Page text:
Today is Easter, the time when in the Christian tradition, someone who was once presumed deceased is reborn into a new, but strikingly similar form. Yesterday was World Transgender Awareness Day, celebrating a community so often misunderstood, harassed, or ignored--a community whose very nature calls out in an expression of change, ideally able to embrace the individual's truest self. On the Spring Equinox, March 20, was Ostara, the transition between the hibernation and death of winter into the rebirth and new life of spring. I find it apt that all three of these events occur during a liminal period, not entirely one or the other--the dusk of one season and dawn of the next.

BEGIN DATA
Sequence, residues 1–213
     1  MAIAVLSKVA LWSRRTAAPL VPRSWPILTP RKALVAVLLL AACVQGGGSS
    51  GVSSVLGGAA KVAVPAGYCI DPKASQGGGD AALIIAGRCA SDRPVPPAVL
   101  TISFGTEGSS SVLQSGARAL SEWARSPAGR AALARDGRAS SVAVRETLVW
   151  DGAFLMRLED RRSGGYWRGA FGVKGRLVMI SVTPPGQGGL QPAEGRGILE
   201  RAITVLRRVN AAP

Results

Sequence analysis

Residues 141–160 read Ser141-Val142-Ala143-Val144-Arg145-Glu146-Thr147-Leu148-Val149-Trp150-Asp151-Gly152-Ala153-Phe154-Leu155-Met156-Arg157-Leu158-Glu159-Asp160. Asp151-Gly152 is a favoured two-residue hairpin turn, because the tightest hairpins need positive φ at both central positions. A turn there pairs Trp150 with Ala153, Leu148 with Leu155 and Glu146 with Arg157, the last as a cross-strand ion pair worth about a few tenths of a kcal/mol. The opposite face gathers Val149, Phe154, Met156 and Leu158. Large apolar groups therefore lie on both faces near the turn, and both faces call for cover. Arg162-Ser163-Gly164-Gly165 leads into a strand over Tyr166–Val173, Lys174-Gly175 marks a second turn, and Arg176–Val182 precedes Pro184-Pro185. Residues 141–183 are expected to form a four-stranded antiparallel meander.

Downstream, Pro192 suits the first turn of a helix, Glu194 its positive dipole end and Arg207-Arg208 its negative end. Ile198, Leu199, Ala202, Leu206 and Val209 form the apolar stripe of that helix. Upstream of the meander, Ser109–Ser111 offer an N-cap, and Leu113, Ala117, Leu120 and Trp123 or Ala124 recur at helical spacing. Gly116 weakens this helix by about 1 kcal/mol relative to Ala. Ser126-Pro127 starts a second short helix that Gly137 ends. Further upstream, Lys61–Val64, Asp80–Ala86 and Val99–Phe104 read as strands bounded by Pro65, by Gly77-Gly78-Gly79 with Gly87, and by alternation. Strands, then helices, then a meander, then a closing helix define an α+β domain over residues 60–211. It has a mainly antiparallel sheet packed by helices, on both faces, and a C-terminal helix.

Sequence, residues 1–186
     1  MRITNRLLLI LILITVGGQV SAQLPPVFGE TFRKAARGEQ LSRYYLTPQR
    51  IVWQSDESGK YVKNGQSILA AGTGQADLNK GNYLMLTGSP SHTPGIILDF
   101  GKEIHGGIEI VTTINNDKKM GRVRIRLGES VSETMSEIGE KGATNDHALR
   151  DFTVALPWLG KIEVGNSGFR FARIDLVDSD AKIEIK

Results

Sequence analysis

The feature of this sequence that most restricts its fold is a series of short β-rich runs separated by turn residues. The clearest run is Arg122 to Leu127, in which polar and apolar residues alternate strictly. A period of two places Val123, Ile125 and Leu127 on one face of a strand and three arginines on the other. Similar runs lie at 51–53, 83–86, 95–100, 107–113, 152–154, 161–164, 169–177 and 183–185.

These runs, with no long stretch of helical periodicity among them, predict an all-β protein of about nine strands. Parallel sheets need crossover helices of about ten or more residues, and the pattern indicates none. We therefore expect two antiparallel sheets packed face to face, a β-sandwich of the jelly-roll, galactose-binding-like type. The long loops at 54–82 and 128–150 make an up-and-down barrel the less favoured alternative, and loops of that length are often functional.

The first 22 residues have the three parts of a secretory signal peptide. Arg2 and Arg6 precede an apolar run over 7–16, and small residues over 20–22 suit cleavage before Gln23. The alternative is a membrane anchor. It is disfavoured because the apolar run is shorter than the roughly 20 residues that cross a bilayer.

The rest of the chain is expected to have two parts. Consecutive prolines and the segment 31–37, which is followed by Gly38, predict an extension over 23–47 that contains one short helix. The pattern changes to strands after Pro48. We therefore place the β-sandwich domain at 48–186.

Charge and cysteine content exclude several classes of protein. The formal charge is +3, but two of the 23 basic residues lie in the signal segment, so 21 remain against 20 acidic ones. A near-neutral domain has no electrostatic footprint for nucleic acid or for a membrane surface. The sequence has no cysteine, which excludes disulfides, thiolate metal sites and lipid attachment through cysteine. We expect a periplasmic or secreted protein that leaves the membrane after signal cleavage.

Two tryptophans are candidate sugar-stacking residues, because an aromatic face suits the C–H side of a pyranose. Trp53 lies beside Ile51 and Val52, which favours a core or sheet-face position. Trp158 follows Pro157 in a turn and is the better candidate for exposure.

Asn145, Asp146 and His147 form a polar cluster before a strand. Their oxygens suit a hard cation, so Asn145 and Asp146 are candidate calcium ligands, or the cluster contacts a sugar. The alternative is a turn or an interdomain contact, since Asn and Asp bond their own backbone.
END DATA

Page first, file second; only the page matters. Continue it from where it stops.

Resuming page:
There are many species in the Sempervivum genus, each unique and with particular properties. Noted by Linnaeus in 1757, the genus name translates to "always living," a reference to the plants' hardy, drought-tolerant nature, enabling it to survive in both intense heat and frost. They are also known as houseleeks, hens, chicks, or hen's nests in some areas.